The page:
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The most common form of dieting has long been calorie counting. However, the practice of counting macros, primarily used by bodybuilders and competition circles, has come more to the forefront.

If you’re just starting out on your health, nutrition and fitness journey, deciding whether you should count calories, macros or anything at all can be a little bit confusing so we thought we’d look at both sides for you! But first, let’s go back to basics with a couple of definitions…

What are calories?

Put simply, a calorie is a unit of energy which can be derived from any food source, whether fats, proteins, carbohydrates or sugars. The daily recommended calorific intake to maintain weight is 2500 for a man and 2000 for a woman.

What are macros?

Macros, (short for macronutrients) are the three basic components required for any diet: proteins, fats and carbohydrates. A healthy balanced diet requires specific amounts of each macro for distinct bodily functions. The amount of macros a person should be consuming in order to lose weight is calculated based on age, weight and gender.

Soooo, what’s the difference between the two?

Counting calories

Calorie counting involves having a set calorie goal each day that is typically a calorie deficit, which means less calories than your body needs to maintain its current weight. It’s an easy, one-step system… determine the number of calories you need to eat per day and simply keep track of the food you eat in order to meet this goal by the end of the day.

The general guidelines for determining the number of calories you should be consuming to lose weight is based on your age, weight and the average amount of daily physical activity.

So, what’s the benefit of calorie counting over macros counting?

A key difference between macro and calorie counting is that the latter is much easier. Today, almost all food labels specify exactly how many calories are contained in a serving and are increasingly becoming displayed on restaurant menus. Numerous websites and apps have been created to generate calorie data for users as well as help keep track of daily food and exercise, the most popular of these being MyFitnessPal. This app is free and can be accessed through all computers and smartphones.

Okkkkkk, and are there any drawbacks to calorie counting?

A key issue with calorie counting is that it doesn’t take into account exactly what you’re eating. For example, if you’re on a diet which requires you to eat 1800 calories a day, you may be eating meals which are high in saturated fat (fast food for example), and still reaching your recommended daily calorie intake. As such, although you may be reaching your daily calorie intake target, you may be doing so eating the wrong foods!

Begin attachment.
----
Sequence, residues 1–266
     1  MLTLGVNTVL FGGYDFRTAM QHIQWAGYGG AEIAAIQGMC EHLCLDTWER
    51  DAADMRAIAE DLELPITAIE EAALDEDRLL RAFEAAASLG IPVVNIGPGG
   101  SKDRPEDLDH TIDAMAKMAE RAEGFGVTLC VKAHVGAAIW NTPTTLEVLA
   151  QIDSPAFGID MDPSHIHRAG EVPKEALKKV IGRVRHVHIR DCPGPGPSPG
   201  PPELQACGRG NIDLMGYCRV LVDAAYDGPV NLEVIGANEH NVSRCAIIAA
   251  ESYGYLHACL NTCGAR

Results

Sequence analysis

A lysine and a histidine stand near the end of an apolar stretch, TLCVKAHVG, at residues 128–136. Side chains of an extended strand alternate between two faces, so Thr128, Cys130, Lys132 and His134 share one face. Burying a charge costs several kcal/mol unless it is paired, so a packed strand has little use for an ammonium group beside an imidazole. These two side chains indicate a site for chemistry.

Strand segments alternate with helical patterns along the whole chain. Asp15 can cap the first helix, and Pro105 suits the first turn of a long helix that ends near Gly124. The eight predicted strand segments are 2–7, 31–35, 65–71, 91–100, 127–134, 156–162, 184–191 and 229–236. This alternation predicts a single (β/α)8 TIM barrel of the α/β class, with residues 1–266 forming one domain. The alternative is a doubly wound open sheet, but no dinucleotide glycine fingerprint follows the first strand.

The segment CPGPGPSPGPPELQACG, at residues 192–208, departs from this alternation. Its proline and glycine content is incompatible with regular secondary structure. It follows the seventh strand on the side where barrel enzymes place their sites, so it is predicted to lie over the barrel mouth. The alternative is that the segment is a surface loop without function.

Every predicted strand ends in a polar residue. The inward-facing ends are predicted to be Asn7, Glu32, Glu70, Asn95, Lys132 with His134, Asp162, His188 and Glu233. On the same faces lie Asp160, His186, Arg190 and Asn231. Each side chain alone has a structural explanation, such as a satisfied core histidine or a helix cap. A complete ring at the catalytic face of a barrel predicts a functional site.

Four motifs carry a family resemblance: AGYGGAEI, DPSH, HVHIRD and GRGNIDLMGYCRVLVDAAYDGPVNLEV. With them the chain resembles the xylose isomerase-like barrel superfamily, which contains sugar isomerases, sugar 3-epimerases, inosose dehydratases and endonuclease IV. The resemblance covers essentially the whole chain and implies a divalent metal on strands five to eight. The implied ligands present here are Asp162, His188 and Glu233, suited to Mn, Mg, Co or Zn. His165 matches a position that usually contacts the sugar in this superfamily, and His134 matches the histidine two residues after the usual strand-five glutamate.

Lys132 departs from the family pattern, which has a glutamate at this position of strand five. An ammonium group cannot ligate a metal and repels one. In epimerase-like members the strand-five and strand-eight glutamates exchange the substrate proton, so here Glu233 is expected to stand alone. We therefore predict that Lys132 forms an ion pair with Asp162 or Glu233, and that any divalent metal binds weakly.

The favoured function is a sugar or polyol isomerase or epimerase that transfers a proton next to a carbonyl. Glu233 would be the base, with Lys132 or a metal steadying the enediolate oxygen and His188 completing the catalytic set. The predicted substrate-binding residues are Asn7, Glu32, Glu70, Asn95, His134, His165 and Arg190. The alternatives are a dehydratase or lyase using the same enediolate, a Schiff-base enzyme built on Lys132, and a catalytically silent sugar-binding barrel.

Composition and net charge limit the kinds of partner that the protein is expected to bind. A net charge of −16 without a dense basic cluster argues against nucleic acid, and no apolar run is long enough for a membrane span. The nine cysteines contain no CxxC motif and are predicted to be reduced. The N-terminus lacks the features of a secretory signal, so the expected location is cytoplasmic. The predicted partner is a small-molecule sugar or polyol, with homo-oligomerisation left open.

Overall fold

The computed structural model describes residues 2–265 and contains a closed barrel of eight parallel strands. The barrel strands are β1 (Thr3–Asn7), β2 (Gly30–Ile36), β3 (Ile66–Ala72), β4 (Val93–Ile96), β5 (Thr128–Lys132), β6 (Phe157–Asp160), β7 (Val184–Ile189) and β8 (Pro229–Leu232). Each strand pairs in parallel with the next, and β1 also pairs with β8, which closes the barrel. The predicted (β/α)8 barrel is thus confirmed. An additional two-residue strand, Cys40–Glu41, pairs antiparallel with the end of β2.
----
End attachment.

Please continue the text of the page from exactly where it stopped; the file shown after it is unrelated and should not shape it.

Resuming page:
Calorie counting has long been the staple measurement and monitoring technique for those looking to lead a healthy lifestyle. Straightforward and easy to calculate, calorie counting has remained unchallenged in the mainstream health and fitness world over the past few decades, until the recent emergence of macronutrient counting.

Counting Macros

Macro-nutrients are made up of three parts: proteins, carbohydrates and fat. Counting macros is typically split 40/40/20 concept – 40% protein, 40% carbs and 20% fat. The amount of macros a person should be consuming in order to lose weight is calculated based on age, weight and gender. This amount is converted into grams.

So, why should I count macros if counting calories is easier?

With macronutrient counting, you know exactly what’s going into your body, so you know that you’re getting the right amount of all proteins, carbs and fats to meet your specific goals. This is particularly beneficial if you have a specific weight/fitness goal in mind.

And is it as simple as calorie counting?

Macro counting is known to be time consuming! If you’re counting macros yourself, this requires you to measure each component of your meal individually to ensure you’re consuming the right amount of proteins, carbs and fats. For someone who is new to dieting, this can be a daunting task, whilst for even the most experienced and dedicated fitness fans, this may become a little too tedious.

Counting calories vs counting macros – which one wins?

Having compared both calorie and macro counting, to determine which is best suited for a person depends on the individual and their lifestyle. For someone who leads a busy lifestyle, being constantly on the go, needing to weigh out each component of every meal is not at all convenient.

At 80/20 Health Bar and Kitchen, all your macro breakdown and calorie content have been pre-prepared for you in both the dishes on our restaurant menu and in our frozen meal service.

In addition to this, all dishes in our frozen meals are MyFitnessPal ready with their own unique barcode, allowing you to focus on other aspects of your health and fitness journey!


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